While surfing is widely acknowledged as the daddy of all board sports, skateboarding has become the mother of street cool

It probably won't surprise you to learn that skateboarding started in the US in the 1950s. Surfers who were bored by a lack of good waves devised a radical plan to deliver surfing kicks regardless of the weather. Quite simply, they nailed a 2ft by 4ft plank of wood on to two roller-skates and tried to simulate surfing.

And so the phrase "sidewalk surfer" was born, though it wasn't until the late 1970s that skateboarding "blew up". It took a little while to catch on in the UK, where eventually it garnered a considerable following, but was soon replaced by the next youth fad.

However, like Freddy Krueger, skateboarding has never really died. It was forced underground for a decade, but has now bounced back stronger than ever. Its enduring appeal lies in the fact that skateboarding is more of a lifestyle choice than a sport.

"You can just go out and do it," says Alvin Singfield of Panic Skateboards. "There are so many different levels to it. You can use it for basic transport or to skate streets and ramps. If you've had a bad day you can just get away - it makes you feel free."

Singfield, 27, has been skating for about 14 years and started Panic (and sister company Blueprint) about three years ago. Panic makes a range of boards for the general public and its stable of sponsored pro-riders. Top riders can earn a living from boarding, especially in the US.

While all sports thrive on the money offered by competitions, many surfers and skateboarder are reluctant to participate on principle. Rather, they believe that creativity and expression are far more important. Those that do choose to enter public competition can earn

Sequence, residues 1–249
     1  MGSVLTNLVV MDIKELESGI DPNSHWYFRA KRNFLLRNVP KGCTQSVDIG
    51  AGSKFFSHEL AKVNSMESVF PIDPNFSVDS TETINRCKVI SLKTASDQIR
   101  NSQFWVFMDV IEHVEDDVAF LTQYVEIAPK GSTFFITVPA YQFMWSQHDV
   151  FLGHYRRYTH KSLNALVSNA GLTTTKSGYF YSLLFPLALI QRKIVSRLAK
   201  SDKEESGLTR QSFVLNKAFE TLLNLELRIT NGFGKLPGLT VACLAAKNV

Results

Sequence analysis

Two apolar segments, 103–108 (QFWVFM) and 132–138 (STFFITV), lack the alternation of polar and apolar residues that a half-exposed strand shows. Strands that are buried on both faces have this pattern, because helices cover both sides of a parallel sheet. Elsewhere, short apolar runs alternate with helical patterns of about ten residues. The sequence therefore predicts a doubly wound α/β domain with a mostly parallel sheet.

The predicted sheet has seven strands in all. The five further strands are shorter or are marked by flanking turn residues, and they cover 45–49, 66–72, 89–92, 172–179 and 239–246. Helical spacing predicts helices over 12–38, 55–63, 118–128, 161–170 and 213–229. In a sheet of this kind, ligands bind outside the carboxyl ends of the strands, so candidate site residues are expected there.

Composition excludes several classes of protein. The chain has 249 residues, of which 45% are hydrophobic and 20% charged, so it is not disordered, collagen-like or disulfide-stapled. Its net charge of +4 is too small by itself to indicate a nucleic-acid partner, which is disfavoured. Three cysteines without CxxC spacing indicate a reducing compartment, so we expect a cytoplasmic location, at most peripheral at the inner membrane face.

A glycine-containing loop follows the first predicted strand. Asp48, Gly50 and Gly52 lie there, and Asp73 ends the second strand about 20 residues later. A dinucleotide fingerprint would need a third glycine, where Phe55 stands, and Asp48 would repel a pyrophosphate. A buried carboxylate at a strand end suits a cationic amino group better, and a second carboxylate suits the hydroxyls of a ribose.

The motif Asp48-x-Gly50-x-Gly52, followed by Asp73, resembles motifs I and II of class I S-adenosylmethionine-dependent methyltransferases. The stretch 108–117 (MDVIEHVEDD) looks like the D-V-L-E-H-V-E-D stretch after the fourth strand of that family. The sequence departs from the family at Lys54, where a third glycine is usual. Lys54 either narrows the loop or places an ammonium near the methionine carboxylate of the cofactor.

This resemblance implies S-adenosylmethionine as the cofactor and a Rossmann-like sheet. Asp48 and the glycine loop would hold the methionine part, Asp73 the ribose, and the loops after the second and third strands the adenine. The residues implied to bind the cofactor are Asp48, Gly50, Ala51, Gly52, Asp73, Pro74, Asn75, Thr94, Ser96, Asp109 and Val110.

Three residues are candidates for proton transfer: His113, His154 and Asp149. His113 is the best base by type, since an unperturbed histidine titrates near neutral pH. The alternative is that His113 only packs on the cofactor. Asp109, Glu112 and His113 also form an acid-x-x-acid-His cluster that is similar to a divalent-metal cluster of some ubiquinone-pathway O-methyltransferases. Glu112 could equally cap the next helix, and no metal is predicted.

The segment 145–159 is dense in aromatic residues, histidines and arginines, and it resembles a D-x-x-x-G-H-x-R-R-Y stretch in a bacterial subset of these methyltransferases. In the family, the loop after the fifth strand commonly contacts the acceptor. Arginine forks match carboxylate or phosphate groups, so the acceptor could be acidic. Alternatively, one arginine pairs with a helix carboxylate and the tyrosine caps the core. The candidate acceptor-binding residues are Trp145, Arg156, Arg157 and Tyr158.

substantial financial rewards while offering audiences the opportunity to witness awesome tricks.

Skateboarding's re-emergence has in turn spawned snowboarding (snow), skyboarding (air), and wakeboarding (water). Surfing may be the father of all board sports but skateboarding is definitely the "mother" of "street cool" and the weapon of choice for the modern urban warrior.

"Skate culture, clothes and music are very popular, but it's more than that," says Singfield. "There's a massive lifestyle that goes on behind the scenes. You get to meet a lot of people and it's a very social thing - almost like skaters against the world."

Modern urban skating embraces a healthy dose of banditry. Not in the sense that any crimes are committed, but in the cat-and-mouse relationship they have with pedestrians, security guards and the police.

There are concrete skate parks in London where you can skate, blade or ride, but the nature of skateboarding rebuffs both convention and geographical confines. Surfers surf the water; for boarders, the entire metropolis is their domain.

"Nobody likes you because you're on the pavement, nobody likes you if you're in the road," Singfield says. "The police move you on because someone's complaining about the noise and security guards don't like you because you try and skate the buildings they are there to protect.

"We don't damage property but everything in a city is an urban skate park. Anything is skateable; the marble blocks in the city, the curb outside your house or the metal railings on a flight of stairs."

Despite the differences in age and skill, boarders lead a tribal-like existence with a strong sense of community and fun. There are more converts arriving every year.

So remember - skateboarding is for life, not just for Christmas.



- Standard: used to get a pint of milk from the corner-shop or for pulling a "ninja grab" or a "fakie" off a "half-pipe"

Cost: from pounds 80 (blank deck and trucks) to pounds 140 (signatured deck, wheels and trucks)

- Old skool: this longer board is not a trick board and is specially designed for cruising.

Cost: pounds 100-pounds 160.


- There are plenty of purpose-built skate parks from Portobello to Brixton. Call your local council for locations

- You can skate almost anything; hook up with a crew and hit the streets

- Buy your gear from the UK's largest skate shop, Club Blue Room and skate the ramp in the basement for free: 141 Park Lane, Marble Arch, London W1Y (0171-495 5444)


- Go to skate shops for expert advice

- Wear a helmet and pads on half-pipes

- Buy skateboarding mags to learn jargon news


- Spend all your loot on skate fashions before you know one end of the board from the other